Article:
In addition, the state’s coal-fired power plants produce quantities of carbon dioxide that would allow for more efficient production of algae, said Joe Jobe, CEO of the National Biodiesel Board, which is holding a convention and exposition here this week.
“Arizona has a lot of carbon dioxide and a lot of sun,” he said.
However, Jobe and others at the conference said, technology that would allow for mass-production of algae is probably a decade away.
Biofuels are produced from plants and plant derivatives such as soybean oil used in deep fryers. Jobe called algae the future of biofuels because it has a higher yield from fewer resources and can be farmed on land that can’t be used to produce food crops, such as corn that goes into ethanol.
A 2009 study by the National Renewable Energy Lab rated Phoenix as the No. 1 potential place to produce algae biofuel in the United States.
The convention drew hundreds of people to attend sessions about the production, politics and marketing of renewable fuels, among other subjects. An exposition allowed companies to show off their technologies for producing biodiesel.
Dan Rees, president of Gilbert-based Rev Biofuels, brought two biofuel-powered vehicles that his company uses to pick up used oil from restaurant deep fryers. His firm converts it into biodiesel that’s sold to commercial diesel fleets and individuals with diesel vehicles.
“People want to be environmentally conscious,” Rees said.
His company started as a backyard operation and since has moved into a state-of-the-art facility capable of producing 10 million gallons of biodiesel a year.
Rees expects the industry to grow due to an Environmental Protection Agency mandate that the U.S. fuel supply include 36 billion gallons of renewable fuel by 2022. As he looks toward that day, he’s eager to move his company into converting algae into fuel, but he isn’t holding his breath.
“Algae is the future, but at best it is 10 years away,” Rees said.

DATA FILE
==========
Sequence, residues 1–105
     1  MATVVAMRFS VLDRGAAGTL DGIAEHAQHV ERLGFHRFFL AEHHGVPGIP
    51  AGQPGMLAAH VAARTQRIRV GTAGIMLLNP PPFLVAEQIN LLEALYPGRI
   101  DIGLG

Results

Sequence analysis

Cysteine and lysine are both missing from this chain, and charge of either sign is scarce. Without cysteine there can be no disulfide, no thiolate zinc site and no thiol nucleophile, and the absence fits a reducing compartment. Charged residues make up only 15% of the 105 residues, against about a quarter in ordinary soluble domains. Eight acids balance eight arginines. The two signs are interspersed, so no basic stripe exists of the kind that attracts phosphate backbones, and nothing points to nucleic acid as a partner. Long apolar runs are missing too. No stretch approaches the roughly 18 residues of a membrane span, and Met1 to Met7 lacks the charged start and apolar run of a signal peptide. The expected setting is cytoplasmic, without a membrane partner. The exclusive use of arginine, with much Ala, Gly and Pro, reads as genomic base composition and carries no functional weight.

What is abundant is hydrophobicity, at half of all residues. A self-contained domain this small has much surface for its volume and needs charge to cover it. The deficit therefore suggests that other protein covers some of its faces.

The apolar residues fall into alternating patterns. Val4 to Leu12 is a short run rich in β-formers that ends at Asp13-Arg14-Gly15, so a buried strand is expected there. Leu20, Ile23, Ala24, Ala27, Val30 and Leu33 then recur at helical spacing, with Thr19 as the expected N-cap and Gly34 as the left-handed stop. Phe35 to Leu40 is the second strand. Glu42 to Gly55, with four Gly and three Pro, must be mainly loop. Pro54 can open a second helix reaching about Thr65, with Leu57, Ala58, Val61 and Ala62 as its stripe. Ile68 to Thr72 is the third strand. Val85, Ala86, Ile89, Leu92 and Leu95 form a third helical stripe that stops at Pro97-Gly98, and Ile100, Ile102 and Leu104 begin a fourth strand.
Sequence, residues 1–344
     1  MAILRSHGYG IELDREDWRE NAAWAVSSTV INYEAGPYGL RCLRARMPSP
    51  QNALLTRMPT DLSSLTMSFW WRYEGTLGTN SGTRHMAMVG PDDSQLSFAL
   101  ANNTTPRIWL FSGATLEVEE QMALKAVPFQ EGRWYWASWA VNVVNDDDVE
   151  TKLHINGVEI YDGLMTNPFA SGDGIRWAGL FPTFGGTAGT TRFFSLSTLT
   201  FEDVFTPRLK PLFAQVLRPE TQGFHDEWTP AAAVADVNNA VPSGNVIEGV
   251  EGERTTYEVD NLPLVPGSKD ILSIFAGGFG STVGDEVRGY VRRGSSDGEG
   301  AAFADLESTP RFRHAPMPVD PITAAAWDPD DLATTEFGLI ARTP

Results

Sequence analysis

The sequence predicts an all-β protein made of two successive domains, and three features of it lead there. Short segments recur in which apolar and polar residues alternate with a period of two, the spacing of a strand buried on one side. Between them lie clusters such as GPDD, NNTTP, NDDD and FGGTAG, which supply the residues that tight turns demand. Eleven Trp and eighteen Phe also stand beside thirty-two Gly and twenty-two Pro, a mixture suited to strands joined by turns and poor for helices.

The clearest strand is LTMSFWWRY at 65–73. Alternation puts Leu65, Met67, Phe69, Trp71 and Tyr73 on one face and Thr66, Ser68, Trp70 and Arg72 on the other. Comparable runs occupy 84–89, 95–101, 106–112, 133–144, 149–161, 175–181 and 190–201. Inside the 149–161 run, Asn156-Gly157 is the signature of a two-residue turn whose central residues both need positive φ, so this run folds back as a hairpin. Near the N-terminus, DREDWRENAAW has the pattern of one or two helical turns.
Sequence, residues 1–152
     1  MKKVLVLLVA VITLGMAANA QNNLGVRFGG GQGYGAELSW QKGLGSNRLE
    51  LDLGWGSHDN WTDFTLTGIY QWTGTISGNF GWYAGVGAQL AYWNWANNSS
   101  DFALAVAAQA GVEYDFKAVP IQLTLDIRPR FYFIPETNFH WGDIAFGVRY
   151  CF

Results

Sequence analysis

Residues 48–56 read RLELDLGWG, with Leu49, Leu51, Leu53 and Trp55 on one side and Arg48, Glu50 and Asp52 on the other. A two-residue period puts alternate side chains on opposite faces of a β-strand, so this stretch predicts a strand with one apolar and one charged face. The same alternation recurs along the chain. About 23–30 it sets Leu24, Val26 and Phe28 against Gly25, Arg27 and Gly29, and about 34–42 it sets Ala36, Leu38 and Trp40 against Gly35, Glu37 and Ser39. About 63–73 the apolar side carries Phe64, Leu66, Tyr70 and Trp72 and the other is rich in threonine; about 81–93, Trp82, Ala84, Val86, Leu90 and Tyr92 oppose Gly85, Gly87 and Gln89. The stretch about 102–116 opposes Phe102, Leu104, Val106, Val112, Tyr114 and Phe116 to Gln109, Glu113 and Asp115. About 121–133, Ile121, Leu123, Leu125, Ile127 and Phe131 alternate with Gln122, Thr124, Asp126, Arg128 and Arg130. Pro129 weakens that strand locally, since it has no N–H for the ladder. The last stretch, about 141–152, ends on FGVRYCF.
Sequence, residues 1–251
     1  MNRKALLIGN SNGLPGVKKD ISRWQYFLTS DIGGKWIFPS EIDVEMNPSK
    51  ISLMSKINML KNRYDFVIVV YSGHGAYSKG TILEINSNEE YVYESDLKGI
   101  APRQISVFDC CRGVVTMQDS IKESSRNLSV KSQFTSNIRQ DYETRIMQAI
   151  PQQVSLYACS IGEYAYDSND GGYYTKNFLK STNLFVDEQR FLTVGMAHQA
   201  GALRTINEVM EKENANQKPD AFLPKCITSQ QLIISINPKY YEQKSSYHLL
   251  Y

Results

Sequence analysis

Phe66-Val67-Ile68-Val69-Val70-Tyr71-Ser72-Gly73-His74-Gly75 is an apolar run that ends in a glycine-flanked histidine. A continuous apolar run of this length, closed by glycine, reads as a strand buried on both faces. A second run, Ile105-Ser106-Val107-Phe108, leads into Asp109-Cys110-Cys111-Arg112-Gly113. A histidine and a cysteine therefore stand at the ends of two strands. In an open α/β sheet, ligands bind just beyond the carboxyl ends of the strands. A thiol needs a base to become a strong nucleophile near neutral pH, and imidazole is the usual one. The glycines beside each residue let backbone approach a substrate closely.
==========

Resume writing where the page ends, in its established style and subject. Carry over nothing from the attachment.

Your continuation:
Bruce Rittman, director of the Center for Environmental Biotechnology at the Arizona State University’s Biodesign Institute, said in a telephone interview that he thinks the technology needed to mass-produce algae probably is more like five years way. But the infrastructure required probably means the U.S. is 15-20 years away from algae being a major fuel source.
The center is focused on algae-based biofuel production, farming in tubes on the roof of two buildings on ASU’s Tempe and Polytechnic campuses.
When the nation is ready for algae as biofuel, Rittman said, Arizona is positioned well to reap the benefits.
“Absolutely there will be money flowing in,” he said.
National Biodiesel Board:
• Origins: Founded in 1992 by state soybean groups funding biofuel research.
• Mission: National trade association representing the biodiesel industry.
• Goal: Wants to replace 5 percent of the U.S. diesel demands with biodiesel by next year.
Joe Jobe, CEO of the National Biodiesel Board, called algae the future of biofuels because it can be farmed on land that can’t be used for other crops. The group is holding a convention in Phoenix. (Cronkite News Service Photo by Tara Alatorre)
Dan Rees, president of Gilbert-based Rev Biofuels, poses with one of the biodiesel-powered vehicles that his company uses to pick up used oil from restaurant deep fryers. Rees’ company can produce 10 million gallons of biodiesel a year. (Cronkite News Service Photo by Tara Alatorre)